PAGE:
3. "The Door" by Mathias Eick: There are videos on youtube of Mathias Eick exploding with incredibly fast high-note runs, but that could not be further from "The Door." The quietest album of the year, "The Door" features the sort of lyricism expected from someone much older than the young Eick. His debut showcases the influence of earlier ECM artists and a little bit of the sound of his main gig, Jaga Jazzist, but really sounds like nothing else. If you could translate the feel and look of an intricate ice-sculpture into a jazz album, you would wind up with something a lot like "The Door."

2. "History, Mystery" by Bill Frisell: "History, Mystery" is easily Bill Frisell's most cohesive album since "Nashville," if not since "Have A Little Faith." The band is something like a who's who of the rural jazz movement: Jenny Scheinman and Eyvind Kang take up the strings, Ron Miles plays trumpet, and the perennial rhythm section of Tony Scherr and Kenny Wollesen anchors the proceedings. The album's sound is evocative of Americana circa 1950 or 1960; a melting pot of blues, country, bebop, soul, tango, Copland-style classical music and pretty much anything else Frisell sets his sights on. The record is set up as two different suites that go together, the first framed by different versions of "Probability Cloud," and the second by versions of "Monroe."

1. "Tragicomic" by Vijay Iyer: While "History Mystery" presents a beautiful fantasy version of the world, "Tragicomic" presents the world precisely as it is: dark, claustrophobic, complicated, and more often than not downright scary. Of course, Iyer treats it as a joke: the second track is named "Macaca Please" after former Virginia senator George Allen's now famous slur, while the music bludgeons you over the head like a blunt weapon. The album's only moment of respite, which comes in the form of a beautiful solo piano take on "I'm All Smiles" ends in an unsure vamp, and is almost immediately drowned out by the death march and subsequent riot of "Machine Days." Iyer's long-standing quartet with Rudresh Mahanthappa, Stephen Crump, and Marcus Gilmore has made a record that isn't for the faint of heart, but has more to say about the state of the world than most jazz. I said in April that this was going to be Iyer's year, and it was.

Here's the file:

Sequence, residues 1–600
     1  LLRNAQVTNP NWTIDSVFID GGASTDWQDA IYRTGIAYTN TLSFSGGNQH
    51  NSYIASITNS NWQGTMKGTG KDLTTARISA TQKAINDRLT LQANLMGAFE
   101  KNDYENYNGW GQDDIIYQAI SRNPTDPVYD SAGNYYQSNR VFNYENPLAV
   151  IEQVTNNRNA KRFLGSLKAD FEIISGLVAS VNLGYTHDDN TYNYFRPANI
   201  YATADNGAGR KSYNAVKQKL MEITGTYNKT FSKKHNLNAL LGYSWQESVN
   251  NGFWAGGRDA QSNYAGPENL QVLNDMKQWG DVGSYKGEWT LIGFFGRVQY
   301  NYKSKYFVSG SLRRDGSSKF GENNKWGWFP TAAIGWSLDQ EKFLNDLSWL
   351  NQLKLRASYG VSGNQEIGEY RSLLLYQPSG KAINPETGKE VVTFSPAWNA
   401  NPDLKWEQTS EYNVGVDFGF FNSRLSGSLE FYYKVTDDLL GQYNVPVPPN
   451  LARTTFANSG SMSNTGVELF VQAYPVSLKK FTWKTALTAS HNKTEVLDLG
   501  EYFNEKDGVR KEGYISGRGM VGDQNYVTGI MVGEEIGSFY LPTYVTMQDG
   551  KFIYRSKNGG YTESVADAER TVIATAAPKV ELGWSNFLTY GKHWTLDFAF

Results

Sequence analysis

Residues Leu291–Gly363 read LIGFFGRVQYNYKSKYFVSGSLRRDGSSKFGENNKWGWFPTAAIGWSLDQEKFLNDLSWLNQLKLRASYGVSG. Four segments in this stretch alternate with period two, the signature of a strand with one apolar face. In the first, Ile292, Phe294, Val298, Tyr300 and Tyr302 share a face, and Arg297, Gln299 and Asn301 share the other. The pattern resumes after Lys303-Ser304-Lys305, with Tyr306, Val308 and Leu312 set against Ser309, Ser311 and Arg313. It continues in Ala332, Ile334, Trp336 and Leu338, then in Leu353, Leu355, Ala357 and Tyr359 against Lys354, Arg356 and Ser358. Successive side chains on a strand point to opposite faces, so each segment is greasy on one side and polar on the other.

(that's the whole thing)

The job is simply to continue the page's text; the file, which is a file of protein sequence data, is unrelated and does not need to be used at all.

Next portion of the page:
2 comments:

AccuJazz said...

Thanks for posting the list. I definitely dig everything you list here that I've heard, and definitely have to check out the Vijay Iyer and Jenny Scheinman discs.

Anthony said...

The Jazz Monster influeced some of my jazz-buying in 2008, so I thought I'd give my personal list. Of all the jazz CD's that came out in 2008, I only heard some. It wouldn't make sense to list a top 10 when nobody knew what pool of CD's I was choosing from. So, here are my 2008 CD rankings:

1) Little Things Run The World - Ben Allison. This isn't groundbreaking, but strong throughout.
2) Live 2008: 5th Annual Concert Tour - SF Jazz Collective. Every year they put out a strong set.
3) Lobster Leaps In - The Microscopic Septet. Modern swing.
4) Esperanza - Esperanza Spaulding. Very catchy & musical.
5) Guitars - McCoy Tyner. Guest spot discs can be iffy but given the diverse guitarists this one surprisingly works.
6) The New York Suite - Ken Vandermark. This is a live bonus disc included with "Beat Reader".
7) Day Trip - Pat Metheny. His jazz stuff is very good.
8) Leucocyte - Esbjorn Svensson Trio. Quite like the Chicago Underground Trio.
9) Recommended Tools - Donny McCaslin. Strong sax throughout.
10) Tragicomic - Vijay Iyer. Vijay should add more melodicism to move up my list.

Pretty good:
Karibu - Lionel Loueke
The Wheel - Joel Harrison
Invisible Cinema - Aaron Parks
Zaebos: Book Of Angels, Vol. 11 - Medeski, Martin & Wood
Emphasis! (On Parenthesis) - Stanton Moore
Pass It On - Dave Holland
Tokyo Day Trip Live EP - Pat Metheny
Dragon's Head - Mary Halvorson
History, Mystery - Bill Frisell

Good:
Set The Alarm For Monday - Bobby Previte
Beyond Quantum - Anthony Braxton, William Parker, Milford Graves
Present Tense - James Carter
Beat Reader - Ken Vandermark
The Door - Mathias Eick
Just Like This - Keefe Jackson
The Turning Gate - The New Jazz Composers Octet
We Are MTO - Steven Bernstein

Beyond My Ability To Appreciate:
Bill Dixon With Exploding Star Orchestra - Bill Dixon, Rob Mazurek